OSHA’s Heat Standard Moves Forward

The Occupational Safety and Health Administration (OSHA) is moving forward with the heat standard rulemaking process, and we could see the proposed standard very soon. After reviewing the proposed rule in April, the Advisory Committee on Construction Safety and Health (ACCSH) recommended that OSHA move forward “expeditiously” in its rulemaking process.

“Workers at risk of heat illness need a new rule to protect workers from heat hazards. OSHA is working aggressively to develop a new regulation that keeps workers safe from the dangers of heat,” explained Doug Parker, Assistant Secretary for OSHA in a news release announcing ACCSH’s endorsement. “As we move through the required regulatory process for creating these protections, OSHA will use all of its existing tools to hold employers responsible when they fail to protect workers from known hazards such as heat, including our authority to stop employers from exposing workers to conditions which pose an imminent danger.”

OSHA typically issues heat-related citations by utilizing the General Duty Clause of the OSH Act, which requires all employers to maintain the workplace free from all “recognized” hazards.

What’s in the proposed rule?

We know that the proposed rule includes indoor and outdoor working environments and is expansive in scope. Preparation has required extensive scientific and economic analysis of various industries to articulate a standard set of requirements.

The April ACCSH meeting focused on the rule’s scope and application, the definition of key terms, and the requirements for an employer’s Heat Injury and Illness Prevention (HIIP) Plan. The elements of an HIIP Plan include:

• Identification of heat hazards

• Requirements for employers at or above both initial and high heat triggers

• Heat illness and emergency response protocols

• Training

• Recordkeeping requirements

At the ACCSH meeting, Stephen Schayer, director of OSHA’s Office of Physical Hazards, noted that OSHA is considering possible exclusions for short-duration exposures, emergency response activities (those activities and employees covered under OSHA’s separate Emergency Response standard), indoor sites kept below 80 degrees where there is air conditioning, telework employees, and indoor sedentary activities (such as “office work”).

One critical component of the proposed rule is allowing workers to become accustomed to working in hot weather—a process called acclimatization. In the proposed rule, OSHA cites various evidence-based research studies suggesting that workers need at least five days to adjust to hot temperatures and that workers just starting acclimatization shouldn’t work an entire shift in hot weather.

Employers are concerned that such shift restrictions would make it more difficult to hire temporary workers. It’s also challenging to “phase in” workers on some worksites where rotation between hot and cooler assignments isn’t possible.

What’s hot?

What’s the trigger temperature where precautions become necessary? Oregon and Washington, for example, require action at 90 degrees outdoors and 80 degrees indoors. Minnesota’s indoor heat rule establishes trigger temperatures based on the intensity of the labor: heavy, 77 degrees; moderate, 80 degrees; and light, 86 degrees. Until a few weeks ago, OSHA had been mostly silent on this subject.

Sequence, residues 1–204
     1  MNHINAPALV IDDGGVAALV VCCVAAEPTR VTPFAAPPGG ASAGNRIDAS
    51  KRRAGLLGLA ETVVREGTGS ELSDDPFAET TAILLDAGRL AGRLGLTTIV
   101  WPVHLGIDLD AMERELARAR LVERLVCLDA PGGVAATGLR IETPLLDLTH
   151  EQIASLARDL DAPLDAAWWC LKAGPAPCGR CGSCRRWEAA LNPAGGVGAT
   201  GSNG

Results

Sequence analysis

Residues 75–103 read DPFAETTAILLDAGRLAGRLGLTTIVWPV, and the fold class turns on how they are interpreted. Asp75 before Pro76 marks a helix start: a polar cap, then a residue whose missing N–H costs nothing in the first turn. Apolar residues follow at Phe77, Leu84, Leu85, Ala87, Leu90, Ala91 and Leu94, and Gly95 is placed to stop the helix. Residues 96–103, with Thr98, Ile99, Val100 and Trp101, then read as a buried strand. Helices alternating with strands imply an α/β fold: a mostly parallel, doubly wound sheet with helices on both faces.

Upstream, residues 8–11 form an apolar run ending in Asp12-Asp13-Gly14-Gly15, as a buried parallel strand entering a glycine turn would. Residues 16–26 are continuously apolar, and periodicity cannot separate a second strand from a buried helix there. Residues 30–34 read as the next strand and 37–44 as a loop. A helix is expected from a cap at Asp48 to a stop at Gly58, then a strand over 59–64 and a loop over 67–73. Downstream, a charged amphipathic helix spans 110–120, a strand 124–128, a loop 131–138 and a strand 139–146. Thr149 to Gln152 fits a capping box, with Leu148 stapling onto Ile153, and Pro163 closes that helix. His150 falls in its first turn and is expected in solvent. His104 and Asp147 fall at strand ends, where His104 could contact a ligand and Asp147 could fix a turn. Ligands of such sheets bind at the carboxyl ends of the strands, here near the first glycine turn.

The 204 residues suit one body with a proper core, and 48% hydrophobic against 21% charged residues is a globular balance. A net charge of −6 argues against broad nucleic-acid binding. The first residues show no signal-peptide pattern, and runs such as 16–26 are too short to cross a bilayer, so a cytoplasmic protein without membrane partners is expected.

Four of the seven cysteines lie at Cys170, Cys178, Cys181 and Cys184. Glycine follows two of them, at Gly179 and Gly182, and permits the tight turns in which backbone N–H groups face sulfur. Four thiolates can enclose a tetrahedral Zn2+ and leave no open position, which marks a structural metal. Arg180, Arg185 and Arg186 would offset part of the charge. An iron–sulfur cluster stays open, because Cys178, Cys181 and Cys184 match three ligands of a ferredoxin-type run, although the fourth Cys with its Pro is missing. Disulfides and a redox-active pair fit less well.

Stephen Schayer announced a proposed threshold of 80 degrees Fahrenheit at the ACCSH meeting.

Existing initiatives

OSHA has had an ongoing National Emphasis Program (NEP), launched in 2022, focusing on indoor and outdoor heat-related hazards. This program inspects workplaces with high heat-hazard exposure risk. According to OSHA, the agency has conducted nearly 5,000 such inspections since the launch.

In the months ahead, the agency said it will prioritize programmed inspections in agricultural industries that employ temporary, nonimmigrant H-2A workers for seasonal labor. These workers are more vulnerable to hazards due to language barriers, less control over their living and working conditions, and are often unaware of the acclimatization process and how to recognize the signs of heat illness.

It is also interesting to note that the American Society of Safety Professionals (ASSP) and the American National Standards Institute (ANSI) have recently collaborated to publish ANSI/ASSP A10.50-2024, Heat Stress Management in Construction and Demolition Operations. This is the first national voluntary consensus standard addressing heat stress hazards in the construction and demolition industries. It includes guidance on protection from heat stress, instructions on acclimating workers to highheat conditions, and training modules for employees and supervisors. While focused on outdoor heat hazards in construction and demolition operations, this guidance can be easily adapted for other professions like arborist, landscaping, farming, pipeline installation and maintenance, and other outdoor workplaces.

What should employers do?

Employers in targeted industries — particularly agriculture and construction — must be prepared for inspection and answer questions about their heat stress plan. We can be sure that a final rule will make a written heat stress plan mandatory, so for those employers who don’t already have one, it’s essential to put this plan together. OSHA makes it clear that failure to implement appropriate plans to prevent and remedy heatrelated illnesses could lead to General Duty clause citations.

If you are concerned about the adequacy of your current heat-related illness prevention plan, working with an attorney with experience in drafting OSHAcompliant policies is helpful. Don’t hesitate to contact Orr & Reno if you need assistance.

James F. Laboe

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